NSAIDs that achieve peak serum concentrations within 30-60 minutes and have a faster onset of action (eg, ibuprofen, naproxen, meclofenamate) may be preferred. However, individual patient response varies, and patients may need a trial of several agents before finding one that works. Some NSAIDs (eg, indomethacin) should be avoided because they have a higher incidence of adverse effects.

Despite some preliminary data suggesting efficacy in patients with primary dysmenorrhea, the newer cyclooxygenase-2 (COX-2) inhibitors have not been demonstrably superior to conventional NSAIDs.49 However, these agents may be used in patients who cannot tolerate other NSAIDS or in whom these agents are contraindicated. COX-2–derived prostanoids nonetheless appear to be involved in the pathophysiology of primary dysmenorrhea.50

NSAIDs that inhibit type I prostaglandin synthetase and suppress the production of cyclic endoperoxides (eg, fenamates, COX-2–selective agents, propionic acids, indole acetic acids) alleviate dysmenorrhea symptoms by decreasing endometrial and menstrual fluid prostaglandin concentrations.

 

Naproxen (Naprosyn, Aleve, Anaprox)

Available in both prescription and nonprescription doses. Inhibits inflammatory reactions and pain by decreasing activity of cyclooxygenase, which results in decrease of prostaglandin synthesis.

Adult

500 mg PO followed by 250 mg PO q6-8h or 500 mg q12h; not to exceed 1.25 g/d

Pediatric

Not established

Coadministration with aspirin increases risk of inducing serious NSAID-related adverse effects; probenecid may increase concentrations and, possibly, toxicity of NSAIDs; may decrease effects of antihypertensives; may decrease diuretic effects of loop and thiazide diuretics; may increase PT when taking anticoagulants (instruct patients to watch for signs/symptoms of bleeding); may increase risk of methotrexate toxicity; phenytoin levels may be increased when administered concurrently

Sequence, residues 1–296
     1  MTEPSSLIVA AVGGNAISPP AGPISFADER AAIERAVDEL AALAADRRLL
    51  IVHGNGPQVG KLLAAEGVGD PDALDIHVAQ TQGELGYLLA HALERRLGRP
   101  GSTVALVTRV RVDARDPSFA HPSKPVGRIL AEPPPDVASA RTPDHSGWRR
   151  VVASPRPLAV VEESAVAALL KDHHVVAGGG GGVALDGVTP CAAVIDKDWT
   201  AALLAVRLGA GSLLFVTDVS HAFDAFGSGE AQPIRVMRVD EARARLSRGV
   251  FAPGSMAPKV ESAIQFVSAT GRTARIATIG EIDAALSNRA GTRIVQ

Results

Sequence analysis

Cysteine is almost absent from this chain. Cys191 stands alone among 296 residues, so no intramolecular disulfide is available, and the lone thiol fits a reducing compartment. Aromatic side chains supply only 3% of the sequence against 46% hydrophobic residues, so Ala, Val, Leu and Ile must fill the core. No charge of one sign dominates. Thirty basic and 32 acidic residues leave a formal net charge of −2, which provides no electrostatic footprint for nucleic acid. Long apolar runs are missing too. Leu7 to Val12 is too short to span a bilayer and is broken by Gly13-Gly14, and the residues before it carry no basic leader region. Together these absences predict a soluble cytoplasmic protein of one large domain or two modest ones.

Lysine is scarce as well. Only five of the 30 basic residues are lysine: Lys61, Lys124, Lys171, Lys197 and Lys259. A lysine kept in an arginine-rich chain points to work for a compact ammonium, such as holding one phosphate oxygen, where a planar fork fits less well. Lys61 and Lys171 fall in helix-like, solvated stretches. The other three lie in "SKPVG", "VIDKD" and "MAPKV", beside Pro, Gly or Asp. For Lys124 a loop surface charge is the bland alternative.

Documented hypersensitivity; peptic ulcer disease; recent GI bleeding or perforation; renal insufficiency; high risk of bleeding; history of asthma, urticaria, or allergic-type reactions to aspirin or other NSAIDS; treatment of perioperative pain in setting of coronary artery bypass graft surgery

Pregnancy

C - Fetal risk revealed in studies in animals but not established or not studied in humans; may use if benefits outweigh risk to fetus

D - Fetal risk shown in humans; use only if benefits outweigh risk to fetus

Precautions

Caution in congestive heart failure, hypertension, and decreased renal and hepatic function; caution in coagulation abnormalities or during anticoagulant/antiplatelet therapy; discontinue if a rash occurs

 

Ibuprofen (Advil, Motrin, Nuprin)

Available in both prescription and nonprescription doses. Inhibits inflammatory reactions and pain by decreasing activity of cyclooxygenase, which results in decrease of prostaglandin synthesis.

Adult

400 mg PO q4-6h; not to exceed 3.2 g/d

Pediatric

Not established

Coadministration with aspirin increases risk of inducing serious NSAID-related adverse effects; probenecid may increase concentrations and, possibly, toxicity of NSAIDs; may decrease effects of antihypertensives; may decrease diuretic effects of loop and thiazide diuretics; may increase PT when taking anticoagulants (instruct patients to watch for signs/symptoms of bleeding); may increase risk of methotrexate toxicity; phenytoin levels may be increased when administered concurrently

Documented hypersensitivity; peptic ulcer disease; recent GI bleeding or perforation; renal insufficiency; high risk of bleeding; history of asthma, urticaria, or allergic-type reactions to aspirin or other NSAIDS; treatment of perioperative pain in setting of coronary artery bypass graft surgery